Action RPGs may be a ubiquitous these days, but there is always room for another one...if it brings something new to the table or nails that good old Diablo formula. Unfortunately, developer Master Creating's attempt to both innovate and satisfy tradition has been waylaid by flaws in Legend: Hand of God's design and execution. Repetitive battles, dull maps, no multiplayer, and some serious bugs make Legend a less than optimal choice to kill a couple dozen hours between now and the still depressingly far-off release of Diablo III.
Generic spells are still effective at making goblin flambÃ©.
You might not be able to get the game running in the first place, as Legend has some serious bugs in its implementation of PhysX, Nvidia's separately-installed physics software. It constantly aborted during startup on our test machine, dropping back to the desktop with the error message that PhysX couldn't be initialized. Trying various Nvidia video and PhysX drivers did nothing to solve this problem. Only a last-ditch Google search hit pay dirt, coming up with the advice that you could work around the PhysX error by deleting the PhysXCore.dll file in the game directory. So, lots of fun. It's hard to tell if this is an Nvidia or a Legend issue, but the end result is a lot of unnecessary frustration.
Going through so much hassle isn't exactly worthwhile, either, considering the cliched game design. Everything here is uninspired. You play Targon, a typical studly RPG hero, who's out to rid his medieval fantasy world of Aris of a nasty demon infestation. The key to shutting down a recently established demonic mass transit system is--you guessed it--the Hand of God. This mystical MacGuffin is the only thing that can seal the portal that the demons are using, but, of course, the artifact has been broken into three pieces and hidden throughout the land. Your mission is to track down these shards, reforge the Hand of God, and use it to chase the flaming guys with horns back down to hell. Sound familiar? The storytelling is straightforward, at least. Legend lays out the demon-horde angle from the moment the action begins and gets you started on the hunt for the Hand of God at the end of the first major quest, so at least there isn't any cheap attempt to make this derivative tale seem loftier than it really is.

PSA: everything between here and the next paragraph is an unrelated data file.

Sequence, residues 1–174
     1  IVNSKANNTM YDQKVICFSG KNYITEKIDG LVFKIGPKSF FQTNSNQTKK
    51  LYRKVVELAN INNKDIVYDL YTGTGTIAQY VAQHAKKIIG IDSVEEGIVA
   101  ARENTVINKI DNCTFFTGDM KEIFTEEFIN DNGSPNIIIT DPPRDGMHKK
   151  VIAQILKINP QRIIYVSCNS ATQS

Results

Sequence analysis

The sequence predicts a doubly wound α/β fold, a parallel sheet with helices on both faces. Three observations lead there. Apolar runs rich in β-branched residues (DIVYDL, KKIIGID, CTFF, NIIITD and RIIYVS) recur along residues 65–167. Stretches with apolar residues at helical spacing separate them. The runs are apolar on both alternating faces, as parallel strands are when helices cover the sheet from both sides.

Gameplay mechanics are equally uncomplicated. Character development is certainly clear-cut, as you choose two skill paths from five total choices presented at the start of the game. This essentially allows you to mold Targon into a dual-class character, blending traits of the warrior, mage, cleric, thief, and ranger. Select the paths of wilderness and the warrior, for instance, and you create a ranger good with bows. Skills are doled out in trees based on these paths, and they can be purchased with points earned every time you level up. So warriors choose from the likes of battle tactics and weapon block, mages pick from abilities such as fireball and ice arrow, villains take feint and deadly blow, and so forth. There aren't a great deal of choices in these trees, though. Each features just 12 options, which leaves you without much ability to seriously customize your character. At any rate, you generally buff your take on Targon with most of the skills on offer, and take one or two special abilities that you'll lean on during combat throughout the entire adventure.